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Desert Of Paran
The Desert of Paran or Wilderness of Paran (also sometimes spelled Pharan or Faran; Hebrew:מִדְבַּר פָּארָן‎, Midbar Pa'ran), is a location mentioned in the Hebrew Bible. It is one of the places where the Israelites spent part of their 40 years of wandering after the Exodus, and was also a home to Ishmael, and a place of refuge for David
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Sodom And Gomorrah
Sodom and Gomorrah (/ˈsɒdəm ...ɡəˈmɒrə/)[1] were two cities mentioned in the Book of Genesis[2] and throughout the Hebrew Bible,[3] the New Testament, and in the deuterocanonical books, as well as in the Quran and the hadith.[4] According to the Torah, the kingdoms of Sodom and Gomorrah were allied with the cities of Admah, Zeboim, and Bela. These five cities, also known as the "cities of the plain" (from Genesis in the King James Version), were situated on the Jordan River plain in the southern region of the land of Canaan. The plain was compared to the garden of Eden[Gen.13:10] as being well-watered and green, suitable for grazing livestock. Divine judgment was passed upon them and four of them were consumed by fire and brimstone. Neighboring Zoar (Bela) was the only city to be spared
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Eusebius
Eusebius of Caesarea (/jˈsbiəs/; Greek: Εὐσέβιος τῆς Καισαρείας, Eusébios tés Kaisareías; AD 260/265 – 339/340), also known as Eusebius Pamphili (from the Greek: Εὐσέβιος τοῦ Παμϕίλου), was a historian of Christianity, exegete, and Christian polemicist. He became the bishop of Caesarea Maritima about 314 AD. Together with Pamphilus, he was a scholar of the Biblical canon and is regarded as one of the most learned Christians of his time.[7] He wrote Demonstrations of the Gospel, Preparations for the Gospel and On Discrepancies between the Gospels, studies of the Biblical text. As "Father of Church History" (not to be confused with the title of Church Father), he produced the Ecclesiastical History, On the Life of Pamphilus, the Chronicle and On the Martyrs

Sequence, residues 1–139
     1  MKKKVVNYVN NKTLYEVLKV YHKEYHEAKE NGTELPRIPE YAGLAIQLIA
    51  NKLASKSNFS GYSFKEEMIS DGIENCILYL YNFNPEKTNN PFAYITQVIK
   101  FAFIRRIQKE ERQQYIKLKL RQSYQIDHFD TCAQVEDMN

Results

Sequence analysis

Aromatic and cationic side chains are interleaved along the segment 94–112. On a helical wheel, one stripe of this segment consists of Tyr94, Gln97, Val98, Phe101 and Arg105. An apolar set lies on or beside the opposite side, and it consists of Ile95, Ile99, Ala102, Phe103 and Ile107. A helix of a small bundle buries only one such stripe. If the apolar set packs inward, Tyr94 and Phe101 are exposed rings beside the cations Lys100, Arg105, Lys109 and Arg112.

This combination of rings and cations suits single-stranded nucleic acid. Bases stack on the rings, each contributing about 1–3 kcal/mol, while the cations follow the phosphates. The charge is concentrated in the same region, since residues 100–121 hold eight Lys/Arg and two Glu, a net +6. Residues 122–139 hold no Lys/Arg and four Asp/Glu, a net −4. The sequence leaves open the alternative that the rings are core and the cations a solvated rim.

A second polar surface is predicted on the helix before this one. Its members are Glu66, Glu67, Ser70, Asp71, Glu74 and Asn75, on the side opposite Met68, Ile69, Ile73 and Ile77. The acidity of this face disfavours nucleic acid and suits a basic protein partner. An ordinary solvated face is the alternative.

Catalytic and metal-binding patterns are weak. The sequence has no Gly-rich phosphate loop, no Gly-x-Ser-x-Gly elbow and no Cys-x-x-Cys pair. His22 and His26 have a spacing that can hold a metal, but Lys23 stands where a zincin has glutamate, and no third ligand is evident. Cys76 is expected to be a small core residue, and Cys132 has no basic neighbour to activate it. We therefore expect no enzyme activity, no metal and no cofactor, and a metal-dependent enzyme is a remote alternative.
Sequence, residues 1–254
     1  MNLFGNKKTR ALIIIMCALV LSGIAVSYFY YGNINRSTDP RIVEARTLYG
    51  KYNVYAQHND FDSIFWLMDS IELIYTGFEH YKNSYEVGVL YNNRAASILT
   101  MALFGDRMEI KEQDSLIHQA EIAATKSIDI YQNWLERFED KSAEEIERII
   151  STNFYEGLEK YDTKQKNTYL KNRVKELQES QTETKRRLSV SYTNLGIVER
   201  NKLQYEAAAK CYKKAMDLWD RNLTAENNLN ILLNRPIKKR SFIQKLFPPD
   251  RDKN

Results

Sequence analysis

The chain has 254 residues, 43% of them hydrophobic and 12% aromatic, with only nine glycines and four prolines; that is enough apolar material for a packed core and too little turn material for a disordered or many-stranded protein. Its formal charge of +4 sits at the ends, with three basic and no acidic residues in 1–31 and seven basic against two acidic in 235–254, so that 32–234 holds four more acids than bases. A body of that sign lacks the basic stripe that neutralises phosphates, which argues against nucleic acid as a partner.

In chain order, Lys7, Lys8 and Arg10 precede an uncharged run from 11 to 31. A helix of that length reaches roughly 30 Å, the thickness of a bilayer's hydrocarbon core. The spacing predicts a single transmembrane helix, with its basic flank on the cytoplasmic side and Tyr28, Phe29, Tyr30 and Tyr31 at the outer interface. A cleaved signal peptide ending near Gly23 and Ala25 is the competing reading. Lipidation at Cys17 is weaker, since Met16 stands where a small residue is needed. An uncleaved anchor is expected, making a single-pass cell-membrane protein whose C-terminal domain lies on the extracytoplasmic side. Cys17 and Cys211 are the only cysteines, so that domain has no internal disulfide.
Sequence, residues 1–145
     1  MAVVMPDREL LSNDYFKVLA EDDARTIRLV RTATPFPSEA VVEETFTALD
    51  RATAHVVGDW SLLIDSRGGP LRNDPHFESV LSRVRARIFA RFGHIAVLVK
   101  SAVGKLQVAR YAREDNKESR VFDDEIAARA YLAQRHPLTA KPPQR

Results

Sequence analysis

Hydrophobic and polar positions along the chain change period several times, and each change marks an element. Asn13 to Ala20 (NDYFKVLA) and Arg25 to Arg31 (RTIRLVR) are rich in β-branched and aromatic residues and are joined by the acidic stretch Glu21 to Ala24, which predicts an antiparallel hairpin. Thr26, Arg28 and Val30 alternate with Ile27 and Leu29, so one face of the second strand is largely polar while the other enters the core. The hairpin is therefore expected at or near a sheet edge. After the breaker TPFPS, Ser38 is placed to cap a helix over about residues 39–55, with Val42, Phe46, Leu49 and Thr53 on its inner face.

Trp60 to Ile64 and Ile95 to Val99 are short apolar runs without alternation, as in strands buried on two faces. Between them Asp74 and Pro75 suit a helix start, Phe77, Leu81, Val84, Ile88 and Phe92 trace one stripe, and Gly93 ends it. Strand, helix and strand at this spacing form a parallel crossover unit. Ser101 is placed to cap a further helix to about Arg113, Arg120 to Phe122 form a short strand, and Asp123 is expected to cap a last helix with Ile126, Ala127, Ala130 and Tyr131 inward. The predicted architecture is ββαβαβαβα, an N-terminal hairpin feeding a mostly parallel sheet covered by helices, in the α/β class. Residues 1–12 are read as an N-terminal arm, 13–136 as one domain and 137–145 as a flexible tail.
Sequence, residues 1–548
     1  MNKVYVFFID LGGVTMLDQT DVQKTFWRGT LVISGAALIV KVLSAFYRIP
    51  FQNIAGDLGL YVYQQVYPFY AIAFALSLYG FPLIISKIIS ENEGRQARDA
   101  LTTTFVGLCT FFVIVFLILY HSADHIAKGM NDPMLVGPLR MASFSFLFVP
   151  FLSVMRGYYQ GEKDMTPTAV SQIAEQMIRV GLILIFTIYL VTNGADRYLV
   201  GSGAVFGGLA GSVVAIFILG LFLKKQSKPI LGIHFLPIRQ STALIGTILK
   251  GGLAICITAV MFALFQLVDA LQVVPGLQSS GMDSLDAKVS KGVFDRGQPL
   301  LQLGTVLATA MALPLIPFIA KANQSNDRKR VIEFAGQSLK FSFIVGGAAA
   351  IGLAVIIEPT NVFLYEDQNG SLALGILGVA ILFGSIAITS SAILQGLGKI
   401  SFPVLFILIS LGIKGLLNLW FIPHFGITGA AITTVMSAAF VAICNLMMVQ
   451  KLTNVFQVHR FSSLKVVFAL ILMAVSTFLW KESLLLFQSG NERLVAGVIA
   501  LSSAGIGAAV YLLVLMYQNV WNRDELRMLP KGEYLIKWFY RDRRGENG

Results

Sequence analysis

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Jabal Al-Lawz
Jabal al-Lawz (Arabic: جَبَل ٱللَّوْز‎), also known as Gebel el-Lawz, is a mountain located in northwest Saudi Arabia, near the Jordanian border, above the Gulf of Aqaba at 2,580 metres (8,460 feet) above sea level. The name means 'mountain of almonds'.[2] The peak of Jabal al-Lawz, consists of a light-colored, calc-alkaline granite that is intruded by rhyolite and andesite dikes which generally trend eastward.[3] Between 1300 and 2200 meters elevation, Jabal al-Lawz has relict Mediterranean woodlands of Juniperus phoenicea, with an understory of Achillea santolinoides, Artemisia sieberi, and Astracantha echinus subsp
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Jebel Musa
Mount Sinai (Hebrew: הר סיניHar Sinai; Greek: Όρος Σινάι), traditionally known as Jabal Musa (Arabic: جَبَل مُوسَىٰ‎, translation: Mount Moses), is a mountain in the Sinai Peninsula of Egypt that is a possible location of the biblical Mount Sinai, the place where Moses is said to have received the Ten Commandments. It is a 2,285-metre (7,497 ft) moderately high mountain near the city of Saint Catherine in the region known in modern times as the Sinai Peninsula
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Wadi Feiran
Wadi Feiran is Sinai's largest and widest wadi (valley or dry riverbed). It rises from the mountains around Saint Catherine's Monastery, at 2500 m above sea level.[1] It is important because according to Hebrew Scriptures' Rephidim, Moses struck a rock, creating a spring to provide people with drinking water.[2] Wadi Feiran is an 81-mile (130 km) wadi on Egypt's Sinai Peninsula
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Mount Seir
Mount Seir (Hebrew: הַר-שֵׂעִיר‎, Har Se'ir; Arabic: جبال الشراة‎, Jibāl ash-Sharāh) is the ancient and biblical name for a mountainous region stretching between the Dead Sea and the Gulf of Aqaba in the northwestern region of Edom and southeast of the Kingdom of Judah. It may also have marked the older historical limit of Ancient Egypt in Canaan.[1] A place called "Seir, in the land of Shasu" (ta-Shasu se`er, t3-sh3sw s`r), thought to be near Petra, Jordan, is listed in the temple of Amenhotep III at Soleb (ca. 1380 BC). The Hebrew Bible mentions two distinct geographical areas named Seir: a 'land of Seir' and 'Mount Seir' in the South, bordered by the Arabah to the west; and another 'Mount Seir' further north, on the north boundary of Judah, mentioned in Ezekiel ch
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